Editor's Note: Consumers Drag Marketers Into Mobile Future1 Jun, 2014 By: Thomas Haire Response
Late last year, I decided to upgrade from a 30-game plan to full season tickets in 2014 for the Los Angeles Dodgers. Among the perks described when I made this choice was the possibility of transferring and selling tickets using mobile applications — a distinct change from the days of mailed card-stock tickets.
Now, mind you, I love those old-time tickets. In fact, I collect them. So when the Dodgers threatened to completely do away with paper tickets prior to the season, I was the first to send a scathing letter (and write a post on my personal blog) about it. And, I got my tickets the way I wanted — but with the technological opportunities included.
Late last month, I’d posted my seats for a game I couldn’t attend on StubHub. When they failed to sell, I moved them to Craig’s List and, about three hours before the game, I got a bite from a fellow fan. Unfortunately, I wasn’t at home to E-mail this possible buyer a PDF of the tickets. Fortunately, I had the option — with the Dodgers’ technology and the Major League Baseball mobile app — of transferring the tickets directly from my iPhone. It gave the buyer a chance to go to a Dodger game and me the chance to close a sale!
There’s no doubt that mobile technology continues to change our lives as consumers — and as marketers. The power of mobile — especially in our corner of the marketing universe — is growing exponentially, and marketers and agencies that are not on top of this trend have fallen woefully behind.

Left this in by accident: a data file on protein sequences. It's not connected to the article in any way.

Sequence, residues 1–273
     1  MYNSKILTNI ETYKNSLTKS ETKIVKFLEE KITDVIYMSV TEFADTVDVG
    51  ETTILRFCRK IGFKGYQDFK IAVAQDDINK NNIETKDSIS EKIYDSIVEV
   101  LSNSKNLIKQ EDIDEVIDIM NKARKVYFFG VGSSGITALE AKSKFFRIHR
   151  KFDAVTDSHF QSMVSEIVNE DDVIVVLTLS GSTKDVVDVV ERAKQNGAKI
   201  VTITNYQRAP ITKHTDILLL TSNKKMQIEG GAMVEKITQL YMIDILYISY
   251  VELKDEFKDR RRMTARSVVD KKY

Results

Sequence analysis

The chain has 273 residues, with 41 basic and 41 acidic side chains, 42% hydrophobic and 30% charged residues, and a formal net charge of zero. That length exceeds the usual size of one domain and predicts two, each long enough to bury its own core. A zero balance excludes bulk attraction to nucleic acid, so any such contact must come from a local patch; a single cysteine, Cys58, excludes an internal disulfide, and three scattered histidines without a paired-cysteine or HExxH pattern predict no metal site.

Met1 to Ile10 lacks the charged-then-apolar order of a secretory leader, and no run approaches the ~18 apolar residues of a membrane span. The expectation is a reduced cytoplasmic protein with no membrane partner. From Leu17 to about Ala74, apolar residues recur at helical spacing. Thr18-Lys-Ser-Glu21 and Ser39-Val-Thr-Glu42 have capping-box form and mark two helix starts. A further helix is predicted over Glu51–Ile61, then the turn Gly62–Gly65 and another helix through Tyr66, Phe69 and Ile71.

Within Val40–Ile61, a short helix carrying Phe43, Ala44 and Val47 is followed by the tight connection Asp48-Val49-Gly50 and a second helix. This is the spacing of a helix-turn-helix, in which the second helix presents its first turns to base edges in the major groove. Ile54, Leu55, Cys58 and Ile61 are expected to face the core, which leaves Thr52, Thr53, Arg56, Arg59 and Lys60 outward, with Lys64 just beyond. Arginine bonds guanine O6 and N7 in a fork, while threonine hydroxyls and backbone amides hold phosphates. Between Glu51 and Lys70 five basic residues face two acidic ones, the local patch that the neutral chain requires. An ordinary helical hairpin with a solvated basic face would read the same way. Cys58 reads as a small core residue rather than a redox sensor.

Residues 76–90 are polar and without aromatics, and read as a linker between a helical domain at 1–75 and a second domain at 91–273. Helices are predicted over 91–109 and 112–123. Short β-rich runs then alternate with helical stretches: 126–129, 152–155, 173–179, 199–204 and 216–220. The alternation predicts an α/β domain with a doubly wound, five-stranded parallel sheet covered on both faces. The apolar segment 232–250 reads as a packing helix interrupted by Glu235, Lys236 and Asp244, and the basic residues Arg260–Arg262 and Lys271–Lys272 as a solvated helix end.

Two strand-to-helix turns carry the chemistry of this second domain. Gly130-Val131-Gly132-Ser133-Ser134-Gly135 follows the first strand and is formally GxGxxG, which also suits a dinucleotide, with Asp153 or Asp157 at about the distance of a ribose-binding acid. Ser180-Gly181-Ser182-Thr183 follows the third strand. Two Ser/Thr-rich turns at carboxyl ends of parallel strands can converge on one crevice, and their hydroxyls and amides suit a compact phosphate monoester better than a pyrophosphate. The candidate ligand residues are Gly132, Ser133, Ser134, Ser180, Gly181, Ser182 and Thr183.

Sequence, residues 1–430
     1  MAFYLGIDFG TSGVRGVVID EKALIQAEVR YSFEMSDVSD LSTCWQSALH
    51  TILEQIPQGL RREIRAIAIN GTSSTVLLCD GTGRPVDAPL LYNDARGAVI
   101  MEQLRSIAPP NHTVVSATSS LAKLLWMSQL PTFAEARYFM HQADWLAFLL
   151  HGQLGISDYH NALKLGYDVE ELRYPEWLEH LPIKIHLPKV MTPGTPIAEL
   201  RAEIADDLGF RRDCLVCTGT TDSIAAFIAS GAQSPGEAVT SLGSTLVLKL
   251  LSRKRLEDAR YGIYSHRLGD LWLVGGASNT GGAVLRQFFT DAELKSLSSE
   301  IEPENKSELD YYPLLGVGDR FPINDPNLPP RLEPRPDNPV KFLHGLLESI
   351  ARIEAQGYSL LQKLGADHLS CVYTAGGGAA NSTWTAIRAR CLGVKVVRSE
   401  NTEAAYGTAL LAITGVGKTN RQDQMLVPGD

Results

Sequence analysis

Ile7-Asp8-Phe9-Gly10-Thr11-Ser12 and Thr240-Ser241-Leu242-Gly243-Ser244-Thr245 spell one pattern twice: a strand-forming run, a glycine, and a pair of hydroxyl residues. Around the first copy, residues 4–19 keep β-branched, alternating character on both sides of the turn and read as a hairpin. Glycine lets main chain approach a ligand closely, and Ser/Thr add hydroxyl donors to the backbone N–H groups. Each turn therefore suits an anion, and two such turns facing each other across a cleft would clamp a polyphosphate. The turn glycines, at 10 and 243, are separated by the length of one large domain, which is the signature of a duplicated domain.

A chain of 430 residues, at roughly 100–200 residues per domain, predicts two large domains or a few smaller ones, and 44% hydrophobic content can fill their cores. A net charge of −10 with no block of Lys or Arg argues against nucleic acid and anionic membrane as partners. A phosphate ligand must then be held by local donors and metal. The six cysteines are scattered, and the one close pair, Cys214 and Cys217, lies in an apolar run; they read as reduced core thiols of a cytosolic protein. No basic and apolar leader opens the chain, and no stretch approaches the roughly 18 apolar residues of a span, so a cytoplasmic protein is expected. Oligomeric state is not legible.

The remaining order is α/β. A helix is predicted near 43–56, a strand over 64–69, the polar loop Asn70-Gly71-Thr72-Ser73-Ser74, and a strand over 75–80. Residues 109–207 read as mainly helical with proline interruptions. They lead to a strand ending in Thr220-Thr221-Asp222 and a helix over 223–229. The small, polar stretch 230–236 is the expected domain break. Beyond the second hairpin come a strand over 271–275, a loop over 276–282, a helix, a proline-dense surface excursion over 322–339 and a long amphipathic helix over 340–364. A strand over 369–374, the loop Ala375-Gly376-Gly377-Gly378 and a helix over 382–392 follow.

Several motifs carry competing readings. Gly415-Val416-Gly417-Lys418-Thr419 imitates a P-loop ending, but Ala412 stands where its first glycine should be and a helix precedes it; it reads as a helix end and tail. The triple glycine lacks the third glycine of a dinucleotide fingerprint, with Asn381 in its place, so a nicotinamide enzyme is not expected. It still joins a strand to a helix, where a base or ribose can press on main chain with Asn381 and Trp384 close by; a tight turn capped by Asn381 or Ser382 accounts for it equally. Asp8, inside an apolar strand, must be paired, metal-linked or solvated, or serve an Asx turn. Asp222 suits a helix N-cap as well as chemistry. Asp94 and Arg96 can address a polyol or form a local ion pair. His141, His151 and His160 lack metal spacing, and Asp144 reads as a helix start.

While TV remains the best way to reach the biggest audience with your initial messaging — whether a direct call-to-action or brand-response lead generation — there’s no question that mobile (smartphones and tablets) are quickly catching up with laptop/desktop computers as a consumer response mechanism.
If you subscribe to our weekly E-newsletter, Response This Week, you know how heavily we are covering the expansion of all digital marketing — including the explosion of mobile purchasing. We’re doing the same in the pages of Response on a regular basis.
Just flip to the next page and take a look at our Field Reports section, which features three stories that touch on digital and mobile marketing. Or, jump ahead to page 38 and our annual look at the television home shopping landscape. It should not be a surprise to anyone just how aggressively the HSNs and QVCs of the world are working in the mobile space.
Are you seeing success in the mobile space, as well? Let us know. Don’t hesitate to drop me a line about mobile marketing or any other topic we cover in Response.
Thomas Haire, Editor-in-Chief